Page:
NHS England launches ‘Check Before You Tick’ campaign

NHS England launches ‘Check Before You Tick’ campaign

August 17, 2018

On 10th September 2018, NHS England and the NHS Business Services Authority (NHSBSA) is launching a new nationwide campaign, ‘Check Before You Tick’, to help patients to understand their eligibility to free NHS prescriptions and how to claim correctly, and to highlight the possible consequences of making an incorrect claim.

Mistaken or fraudulent free prescription claims cost the NHS £256 million each year and NHSBSA, on behalf of NHS England, checks claims retrospectively. Fraudulent claims are investigated and if a patient is found to have claimed a free prescription when they aren’t eligible, they may be issued with a penalty charge notice (PCN) of up to £100.

NHSBSA is now significantly increasing the number of prescriptions checked each month.

The new campaign therefore aims to help patients to understand the eligibility criteria and to claim correctly. It will encourage them to check that they are entitled to claim for free NHS prescriptions before ticking an exemption, using a new online eligibility checker.

The campaign is particularly focussed on patients making benefit-related claims due to the common misconception amongst patients in receipt of these claims that they are automatically exempted.

NHS England will be posting a toolkit of materials to pharmacies that can be displayed in store to prompt patients and offer guidance on eligibility. The toolkit should arrive in early September but, in the meantime, you can see examples of the assets and read the campaign briefing here.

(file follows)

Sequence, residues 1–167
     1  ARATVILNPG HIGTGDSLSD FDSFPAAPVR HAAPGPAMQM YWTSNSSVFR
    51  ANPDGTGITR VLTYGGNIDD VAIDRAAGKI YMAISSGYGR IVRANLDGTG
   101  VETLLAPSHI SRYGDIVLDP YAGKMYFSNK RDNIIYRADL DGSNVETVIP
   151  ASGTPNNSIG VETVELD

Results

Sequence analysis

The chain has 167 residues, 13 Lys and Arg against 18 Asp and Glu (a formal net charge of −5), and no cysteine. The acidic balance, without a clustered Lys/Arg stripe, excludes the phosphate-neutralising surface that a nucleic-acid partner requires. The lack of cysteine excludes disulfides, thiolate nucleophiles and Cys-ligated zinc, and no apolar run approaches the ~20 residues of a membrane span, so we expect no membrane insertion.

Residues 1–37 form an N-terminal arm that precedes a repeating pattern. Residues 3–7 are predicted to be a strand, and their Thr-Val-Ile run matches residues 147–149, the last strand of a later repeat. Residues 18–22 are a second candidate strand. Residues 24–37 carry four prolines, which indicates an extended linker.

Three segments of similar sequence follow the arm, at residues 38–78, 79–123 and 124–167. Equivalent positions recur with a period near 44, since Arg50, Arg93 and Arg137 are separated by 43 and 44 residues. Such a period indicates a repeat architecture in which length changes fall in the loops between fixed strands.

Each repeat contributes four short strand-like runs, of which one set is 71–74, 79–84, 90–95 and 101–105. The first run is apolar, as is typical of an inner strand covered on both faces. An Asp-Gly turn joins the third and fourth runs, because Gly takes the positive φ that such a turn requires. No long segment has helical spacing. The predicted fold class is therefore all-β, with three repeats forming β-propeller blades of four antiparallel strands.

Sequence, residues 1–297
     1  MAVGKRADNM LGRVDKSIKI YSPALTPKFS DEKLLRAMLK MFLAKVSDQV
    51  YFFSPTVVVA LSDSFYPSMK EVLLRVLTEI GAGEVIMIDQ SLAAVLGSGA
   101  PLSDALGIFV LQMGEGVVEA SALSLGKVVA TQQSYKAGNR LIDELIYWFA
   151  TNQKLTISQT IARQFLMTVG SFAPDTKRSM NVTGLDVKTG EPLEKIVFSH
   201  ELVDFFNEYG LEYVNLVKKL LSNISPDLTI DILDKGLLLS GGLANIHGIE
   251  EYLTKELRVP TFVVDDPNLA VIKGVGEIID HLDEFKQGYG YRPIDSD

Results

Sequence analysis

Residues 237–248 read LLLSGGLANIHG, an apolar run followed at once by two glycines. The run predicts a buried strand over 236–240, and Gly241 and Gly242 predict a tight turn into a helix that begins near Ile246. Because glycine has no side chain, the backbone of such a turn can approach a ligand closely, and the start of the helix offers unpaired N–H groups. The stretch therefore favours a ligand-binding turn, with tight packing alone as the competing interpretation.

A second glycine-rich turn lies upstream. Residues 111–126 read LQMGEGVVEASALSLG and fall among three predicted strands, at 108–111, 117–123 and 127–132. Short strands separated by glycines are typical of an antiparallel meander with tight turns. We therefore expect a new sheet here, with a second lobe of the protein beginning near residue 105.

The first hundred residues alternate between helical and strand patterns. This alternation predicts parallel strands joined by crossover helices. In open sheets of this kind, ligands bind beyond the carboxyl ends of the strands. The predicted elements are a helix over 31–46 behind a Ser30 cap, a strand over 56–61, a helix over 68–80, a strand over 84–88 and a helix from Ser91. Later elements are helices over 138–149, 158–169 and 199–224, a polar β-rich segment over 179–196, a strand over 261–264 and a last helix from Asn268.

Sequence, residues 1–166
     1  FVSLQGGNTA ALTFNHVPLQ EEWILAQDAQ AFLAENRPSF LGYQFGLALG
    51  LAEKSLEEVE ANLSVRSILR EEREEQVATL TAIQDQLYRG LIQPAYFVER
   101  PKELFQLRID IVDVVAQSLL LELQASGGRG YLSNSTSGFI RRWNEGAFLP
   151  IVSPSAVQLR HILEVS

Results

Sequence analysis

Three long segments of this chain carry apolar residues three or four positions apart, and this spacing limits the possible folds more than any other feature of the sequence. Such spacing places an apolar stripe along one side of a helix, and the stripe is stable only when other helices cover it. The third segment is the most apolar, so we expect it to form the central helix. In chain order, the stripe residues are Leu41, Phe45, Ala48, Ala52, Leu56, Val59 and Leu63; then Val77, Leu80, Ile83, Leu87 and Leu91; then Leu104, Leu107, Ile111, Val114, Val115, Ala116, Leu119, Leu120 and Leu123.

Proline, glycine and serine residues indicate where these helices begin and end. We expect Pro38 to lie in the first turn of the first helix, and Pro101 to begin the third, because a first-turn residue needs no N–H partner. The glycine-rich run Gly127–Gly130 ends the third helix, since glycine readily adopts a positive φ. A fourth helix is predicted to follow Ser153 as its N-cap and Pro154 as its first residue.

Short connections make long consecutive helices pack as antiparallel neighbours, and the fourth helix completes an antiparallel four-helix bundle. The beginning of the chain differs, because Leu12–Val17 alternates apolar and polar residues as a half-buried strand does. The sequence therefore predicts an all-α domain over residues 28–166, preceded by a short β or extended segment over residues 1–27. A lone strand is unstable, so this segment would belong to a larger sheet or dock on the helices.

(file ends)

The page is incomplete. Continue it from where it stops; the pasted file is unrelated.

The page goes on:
Community pharmacy contractors and their teams already play a key role in the prescription exemption checking process. Pharmacy teams can help their patients to avoid receiving PCNs by:

  • Displaying the campaign resources somewhere visible;
  • Encouraging patients to check their entitlement prior to making a claim/completing the declaration on the prescription;
  • Asking to see evidence of patients’ entitlement and checking the expiry date on any certificates presented. (REMEMBER: If a patient can’t provide proof, mark the ‘Evidence not seen’ box on the prescription);
  • Informing the person claiming exemption from payment of NHS prescription charges (where evidence is required but not provided) that NHS checks are routinely undertaken to verify their entitlement, as part of arrangements for preventing or detecting fraud or error. Patients who claim free prescriptions that they’re not entitled to, may have to pay a penalty charge of up to £100;
  • Advising patients who are unsure of their entitlement to pay for their prescription(s) and provide them with an FP57 receipt with information on how to claim a refund (within three months) if they can later confirm that they are entitled. Further information for patients can be found at nhs.uk/healthcosts; and
  • Signposting patients currently paying for their prescriptions that they may benefit from buying a prescription prepayment certificate or applying for the NHS Low Income Scheme, where appropriate.

Other useful resources

About the campaign

The campaign has been developed based on insights from the audience and will particularly focus on those patients who are making benefit related claims. These patients felt they needed more support to understand that they are not automatically exempted. Below is an example of the campaign advert. The campaign will also be promoted through radio, social media and on pharmacy bags (in areas where there is a high concentration of our target audiences).

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